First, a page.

For more information visit http://www.interfaithtour.com/en/

  • Teens hear story of a former neo-Nazi skinhead

    Found in The Jewish Herald Voice

    Thursday, Feb 27, 2014

    Original Post

    The Jewish Federation of Greater Houston teamed up with the Anti-Defamation League and three Houston-area congregational religious schools to bring high school students together on Wednesday, Feb. 26, at Congregation Emanu El for the annual Spring Teen Collaborative Religious School Program.

    More than 200 high school students from Congregations Emanu El, Beth Yeshurun and Brith Shalom heard the inspirational story of Frank Meeink’s “Journey from Hate to Harmony.”

    Meeink became a neo-Nazi skinhead at age 13. By 18, he was roaming the country as a skinhead leader and neo-Nazi recruiter, with gangs that would beat people indiscriminately. In Illinois, he had his own cable-access TV show, “The Reich.” He finally was arrested and convicted of kidnapping and beating a member of a rival skinhead gang.

    While in prison, he befriended men he used to think he hated. After being released from prison, Meeink tried to rejoin his old skinhead pals, but couldn’t bring himself to hate those whom he had come to know as his friends. Now a noted speaker and author, he also has been featured on national news and talk shows.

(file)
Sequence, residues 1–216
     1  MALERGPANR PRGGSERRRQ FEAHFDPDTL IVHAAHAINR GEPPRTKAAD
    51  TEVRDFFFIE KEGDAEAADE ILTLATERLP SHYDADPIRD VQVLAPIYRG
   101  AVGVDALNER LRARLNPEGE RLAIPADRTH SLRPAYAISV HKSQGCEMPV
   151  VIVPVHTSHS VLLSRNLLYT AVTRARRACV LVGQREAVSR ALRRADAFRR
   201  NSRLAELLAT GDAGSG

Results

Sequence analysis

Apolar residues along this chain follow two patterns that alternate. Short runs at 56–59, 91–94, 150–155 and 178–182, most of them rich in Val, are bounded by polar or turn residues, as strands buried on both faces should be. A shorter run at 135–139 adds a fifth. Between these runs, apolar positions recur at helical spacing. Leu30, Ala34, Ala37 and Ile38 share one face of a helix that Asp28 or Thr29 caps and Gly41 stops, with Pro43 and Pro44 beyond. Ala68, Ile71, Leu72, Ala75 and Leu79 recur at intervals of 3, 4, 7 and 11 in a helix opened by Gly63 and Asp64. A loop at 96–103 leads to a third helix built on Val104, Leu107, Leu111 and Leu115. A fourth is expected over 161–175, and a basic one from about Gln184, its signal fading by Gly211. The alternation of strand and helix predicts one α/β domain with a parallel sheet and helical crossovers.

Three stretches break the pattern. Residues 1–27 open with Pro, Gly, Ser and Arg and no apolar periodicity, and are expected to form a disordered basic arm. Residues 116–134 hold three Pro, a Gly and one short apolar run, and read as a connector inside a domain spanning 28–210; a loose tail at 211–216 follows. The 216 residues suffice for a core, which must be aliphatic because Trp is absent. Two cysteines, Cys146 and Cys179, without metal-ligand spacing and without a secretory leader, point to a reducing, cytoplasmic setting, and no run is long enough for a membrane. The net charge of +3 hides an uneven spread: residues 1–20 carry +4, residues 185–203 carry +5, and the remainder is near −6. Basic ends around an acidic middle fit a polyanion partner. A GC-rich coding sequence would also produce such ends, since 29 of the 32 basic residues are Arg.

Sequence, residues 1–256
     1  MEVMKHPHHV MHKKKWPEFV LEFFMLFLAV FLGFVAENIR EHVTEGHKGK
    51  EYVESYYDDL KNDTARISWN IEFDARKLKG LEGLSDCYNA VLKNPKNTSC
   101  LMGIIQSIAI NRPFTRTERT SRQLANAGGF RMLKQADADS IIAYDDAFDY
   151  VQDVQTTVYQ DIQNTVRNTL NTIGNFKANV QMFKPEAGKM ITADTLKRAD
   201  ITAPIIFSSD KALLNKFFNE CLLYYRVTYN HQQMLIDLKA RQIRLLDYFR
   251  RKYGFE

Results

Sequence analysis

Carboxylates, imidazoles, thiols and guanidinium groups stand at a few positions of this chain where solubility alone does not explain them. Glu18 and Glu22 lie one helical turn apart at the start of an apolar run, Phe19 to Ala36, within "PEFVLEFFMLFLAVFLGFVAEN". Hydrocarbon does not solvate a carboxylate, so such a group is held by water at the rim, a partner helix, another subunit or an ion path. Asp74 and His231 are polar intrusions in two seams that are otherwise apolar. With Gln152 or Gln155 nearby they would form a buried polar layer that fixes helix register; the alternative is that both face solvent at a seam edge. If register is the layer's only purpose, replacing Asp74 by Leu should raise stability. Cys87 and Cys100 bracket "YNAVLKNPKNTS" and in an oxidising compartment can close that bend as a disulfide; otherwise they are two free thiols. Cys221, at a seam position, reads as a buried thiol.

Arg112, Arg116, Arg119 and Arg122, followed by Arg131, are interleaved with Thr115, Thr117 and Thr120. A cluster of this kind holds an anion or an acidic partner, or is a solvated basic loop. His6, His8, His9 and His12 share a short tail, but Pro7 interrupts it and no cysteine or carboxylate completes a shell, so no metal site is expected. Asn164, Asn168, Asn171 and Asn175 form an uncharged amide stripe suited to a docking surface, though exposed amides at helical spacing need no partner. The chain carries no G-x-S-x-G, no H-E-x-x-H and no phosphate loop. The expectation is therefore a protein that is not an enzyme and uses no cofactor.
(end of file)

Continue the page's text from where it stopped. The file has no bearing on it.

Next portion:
The students were fascinated by Meeink’s story and were inspired by his ability to turn his life around, despite the hardships and challenges he faced during his life.

    At this program, Meeink’s book, “Autobiography of a Recovering Skinhead,” was on sale. He was available after the program to sign his book and speak to students.

    Congregational schools come together for shared student programs a few times throughout the school year.

    The ADL introduced Frank Meeink to the Houston Jewish education community, helping his story to be told. This program was made possible by the Edith and Sidney Goldensohn Fund of the ADL’s Fund for the Future Southwest Region.

    For information about these programs, contact Lisa Klein at 713-729-7000, ext. 330, or LKlein@houstonjewish.org.